As you can see from her last sentence in that paragraph, she gives folks pretty much the same warning as I did above. LXDE is not really for the new Linux Explorer. You might need a wee bit of Linux experience under your belt or you’ll find it a bit frustrating and too minimalistic for your comfort.

Checking out the default apps on the bottom bar, I found that the file browser, PCMan, started up fast, and has a useful left-hand pane showing the filesystem.

PCMan is actually a very cool file manager application. It’s similar to Thunar, but has some advantages that Thunar does not possess… tabs, for one.

LXDE is certainly extremely fast, and according to its own CPU monitor, uses very little CPU. However, its configurability is less convincing – some options don’t seem to work properly, and others require you to directly edit an XML file, which is not something I really expect from a modern graphical desktop environment. (Having said that, the fact that the config files are easily human-readable is definitely a plus point!).

Again, not really for folks with heavy preferences for graphical tweaking. LXDE does require some editing (text and XML) to achieve certain configurations and customizations. One annoyance that I found right off was that if you allow PCMan to manage the desktop, it will change and display your wallpaper as you want, but it will NOT let you remove the desktop icons. I don’t like icons on my desktop, so I had to forego allowing PCMan to manage my desktop in LXDE. Instead, I ended up using the image application Feh to do that chore.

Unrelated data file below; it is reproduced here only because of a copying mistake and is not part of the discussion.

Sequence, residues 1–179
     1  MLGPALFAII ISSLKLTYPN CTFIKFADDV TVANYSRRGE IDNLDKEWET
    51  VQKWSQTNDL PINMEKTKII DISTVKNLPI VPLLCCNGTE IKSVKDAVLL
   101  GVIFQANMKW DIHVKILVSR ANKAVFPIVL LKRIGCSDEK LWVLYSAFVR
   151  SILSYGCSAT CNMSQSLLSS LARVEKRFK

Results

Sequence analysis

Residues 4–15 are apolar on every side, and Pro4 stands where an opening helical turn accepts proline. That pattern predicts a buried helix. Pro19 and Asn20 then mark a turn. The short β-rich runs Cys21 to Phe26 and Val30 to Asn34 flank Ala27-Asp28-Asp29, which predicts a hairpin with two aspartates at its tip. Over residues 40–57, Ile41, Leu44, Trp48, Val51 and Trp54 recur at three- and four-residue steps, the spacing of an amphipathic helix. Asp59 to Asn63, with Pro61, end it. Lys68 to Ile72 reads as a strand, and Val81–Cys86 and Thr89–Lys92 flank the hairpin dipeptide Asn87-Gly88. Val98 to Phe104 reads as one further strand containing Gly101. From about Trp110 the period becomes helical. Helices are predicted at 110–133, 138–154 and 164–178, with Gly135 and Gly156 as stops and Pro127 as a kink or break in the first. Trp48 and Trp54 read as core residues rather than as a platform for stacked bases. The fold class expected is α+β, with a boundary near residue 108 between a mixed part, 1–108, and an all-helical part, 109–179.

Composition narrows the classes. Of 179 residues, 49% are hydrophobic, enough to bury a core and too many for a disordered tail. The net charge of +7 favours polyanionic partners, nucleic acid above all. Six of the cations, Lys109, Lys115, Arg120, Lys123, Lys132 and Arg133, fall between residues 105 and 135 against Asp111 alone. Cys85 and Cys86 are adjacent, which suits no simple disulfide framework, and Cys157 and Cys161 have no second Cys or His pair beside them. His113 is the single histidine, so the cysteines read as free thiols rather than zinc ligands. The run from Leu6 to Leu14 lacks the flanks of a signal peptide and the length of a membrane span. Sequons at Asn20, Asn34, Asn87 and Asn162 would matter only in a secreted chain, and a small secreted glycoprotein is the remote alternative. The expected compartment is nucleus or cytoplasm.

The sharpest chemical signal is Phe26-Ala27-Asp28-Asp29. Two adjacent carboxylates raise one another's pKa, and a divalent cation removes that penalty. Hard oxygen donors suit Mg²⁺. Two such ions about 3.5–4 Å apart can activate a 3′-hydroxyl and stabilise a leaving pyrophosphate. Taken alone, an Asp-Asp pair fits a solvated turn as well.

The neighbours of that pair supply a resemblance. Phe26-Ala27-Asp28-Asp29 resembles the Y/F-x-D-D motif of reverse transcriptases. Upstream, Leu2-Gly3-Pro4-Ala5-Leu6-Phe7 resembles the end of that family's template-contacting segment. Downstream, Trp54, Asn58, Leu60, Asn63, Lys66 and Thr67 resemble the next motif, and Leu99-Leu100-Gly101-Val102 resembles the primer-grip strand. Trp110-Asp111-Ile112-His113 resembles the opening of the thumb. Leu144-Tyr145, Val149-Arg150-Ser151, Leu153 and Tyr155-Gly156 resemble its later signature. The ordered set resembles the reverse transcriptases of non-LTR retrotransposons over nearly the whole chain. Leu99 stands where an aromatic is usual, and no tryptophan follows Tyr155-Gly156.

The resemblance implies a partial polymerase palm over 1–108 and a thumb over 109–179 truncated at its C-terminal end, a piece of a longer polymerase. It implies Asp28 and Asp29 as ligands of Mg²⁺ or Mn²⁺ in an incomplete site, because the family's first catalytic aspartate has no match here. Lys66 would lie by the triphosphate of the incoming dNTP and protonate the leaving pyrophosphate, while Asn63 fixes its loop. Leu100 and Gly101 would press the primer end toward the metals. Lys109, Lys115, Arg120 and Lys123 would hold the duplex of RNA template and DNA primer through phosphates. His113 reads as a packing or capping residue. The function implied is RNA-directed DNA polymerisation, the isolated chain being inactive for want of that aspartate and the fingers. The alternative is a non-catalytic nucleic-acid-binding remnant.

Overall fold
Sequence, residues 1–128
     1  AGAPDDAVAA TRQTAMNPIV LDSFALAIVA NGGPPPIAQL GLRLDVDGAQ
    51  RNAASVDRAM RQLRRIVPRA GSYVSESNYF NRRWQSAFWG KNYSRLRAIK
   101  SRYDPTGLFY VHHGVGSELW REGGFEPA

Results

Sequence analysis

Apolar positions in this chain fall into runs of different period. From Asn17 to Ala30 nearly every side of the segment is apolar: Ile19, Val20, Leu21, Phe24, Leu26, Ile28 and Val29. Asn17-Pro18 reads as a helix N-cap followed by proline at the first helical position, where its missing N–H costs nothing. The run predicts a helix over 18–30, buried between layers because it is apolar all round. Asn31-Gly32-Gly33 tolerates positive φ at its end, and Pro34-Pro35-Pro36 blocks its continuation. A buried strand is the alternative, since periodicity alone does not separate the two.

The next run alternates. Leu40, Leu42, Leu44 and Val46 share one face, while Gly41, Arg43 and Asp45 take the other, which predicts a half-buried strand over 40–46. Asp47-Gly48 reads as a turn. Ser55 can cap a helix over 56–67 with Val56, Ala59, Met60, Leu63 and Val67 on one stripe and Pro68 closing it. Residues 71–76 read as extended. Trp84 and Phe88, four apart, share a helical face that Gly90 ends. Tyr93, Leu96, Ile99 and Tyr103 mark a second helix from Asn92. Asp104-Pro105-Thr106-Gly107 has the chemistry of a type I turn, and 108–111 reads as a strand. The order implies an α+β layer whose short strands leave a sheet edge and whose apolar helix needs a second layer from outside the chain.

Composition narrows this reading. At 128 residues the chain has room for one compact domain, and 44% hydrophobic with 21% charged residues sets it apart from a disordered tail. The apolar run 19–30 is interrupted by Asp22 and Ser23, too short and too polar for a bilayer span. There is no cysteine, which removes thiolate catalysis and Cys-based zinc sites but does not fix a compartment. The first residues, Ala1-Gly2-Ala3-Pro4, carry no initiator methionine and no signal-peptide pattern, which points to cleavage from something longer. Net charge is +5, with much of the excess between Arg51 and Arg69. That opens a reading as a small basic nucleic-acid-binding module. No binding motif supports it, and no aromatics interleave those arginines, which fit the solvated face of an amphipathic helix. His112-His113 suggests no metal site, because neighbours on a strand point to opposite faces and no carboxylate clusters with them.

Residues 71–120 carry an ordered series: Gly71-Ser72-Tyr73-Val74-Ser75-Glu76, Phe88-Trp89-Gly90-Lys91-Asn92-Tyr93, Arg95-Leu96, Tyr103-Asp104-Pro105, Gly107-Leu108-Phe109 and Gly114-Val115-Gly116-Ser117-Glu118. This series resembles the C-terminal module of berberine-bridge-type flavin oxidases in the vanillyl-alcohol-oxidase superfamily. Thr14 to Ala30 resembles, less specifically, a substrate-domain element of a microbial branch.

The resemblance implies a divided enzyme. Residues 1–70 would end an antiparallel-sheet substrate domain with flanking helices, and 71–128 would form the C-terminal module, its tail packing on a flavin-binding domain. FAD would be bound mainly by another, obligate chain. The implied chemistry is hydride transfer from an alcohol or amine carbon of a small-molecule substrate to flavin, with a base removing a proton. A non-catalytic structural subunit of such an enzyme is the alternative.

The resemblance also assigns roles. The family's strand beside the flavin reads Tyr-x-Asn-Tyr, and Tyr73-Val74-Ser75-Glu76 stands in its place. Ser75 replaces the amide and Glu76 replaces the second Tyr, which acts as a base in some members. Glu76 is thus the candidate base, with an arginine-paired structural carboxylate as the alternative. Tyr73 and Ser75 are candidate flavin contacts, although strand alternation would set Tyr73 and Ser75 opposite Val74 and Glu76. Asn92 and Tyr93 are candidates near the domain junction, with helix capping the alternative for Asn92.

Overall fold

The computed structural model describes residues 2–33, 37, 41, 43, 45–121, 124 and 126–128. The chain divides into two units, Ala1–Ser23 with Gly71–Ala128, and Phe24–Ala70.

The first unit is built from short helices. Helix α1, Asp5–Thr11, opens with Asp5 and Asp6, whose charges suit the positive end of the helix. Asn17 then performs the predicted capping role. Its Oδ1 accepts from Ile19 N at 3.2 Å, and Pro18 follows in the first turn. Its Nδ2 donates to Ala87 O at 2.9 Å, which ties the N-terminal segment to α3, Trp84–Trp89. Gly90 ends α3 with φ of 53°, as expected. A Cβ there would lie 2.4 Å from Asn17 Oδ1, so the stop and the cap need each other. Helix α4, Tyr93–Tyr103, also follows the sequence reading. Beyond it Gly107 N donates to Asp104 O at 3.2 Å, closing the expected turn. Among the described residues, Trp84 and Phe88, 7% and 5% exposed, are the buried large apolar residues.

Even with an odd inconvenience or two, LXDE is still a righteous desktop environment. Give it a shot when you get a chance.

Have fun while exploring your Linux world!

Until next time, folks…


*Ms. Kemp’s entire article at Linux Planet can be read by clicking HERE.

KDE4… Pretty? Pretty Ugly? Just Plain Ugly?

In 2008, KDE developers released the much awaited total rework of the K Desktop Experience… version 4.

It didn’t start showing up in the mainline Linux distros’ repos until a few months later with version 4.2. My first experience with it was with my install of Slackware 13 x86_64 back in mid-’09. It was an ugly first experience. I had continual issues with instability and random desktop errors using 4.2.

Having been a KDE fan for quite a few years already, I was sorely disappointed, to say the least. It was just not usable on my system. Slackware is my primary operating system, folks. I couldn’t continue like that. I ended up nuking the KDE completely and running Slackware with Xfce. I never looked back. I was an Xfce fan already, anyway. I used it in my Zenwalk Linux installation.

A while later, after reading a few better reviews regarding KDE 4.3, I decided to install it in a new Mandriva Free installation that I was putting on my system a few weeks back. Hmm… I did notice some improvement, but the same ol’ instability bugs started jumping up again. I ended up trashing the KDE in Mandriva and using LXDE/Openbox. Sad.

I saw this article at Linux Journal today and thought I’d post a bit about my own KDE experiences. Well, now I have… and now you know why I’ve had to exorcise this demon from all my installations.

Until next time, folks…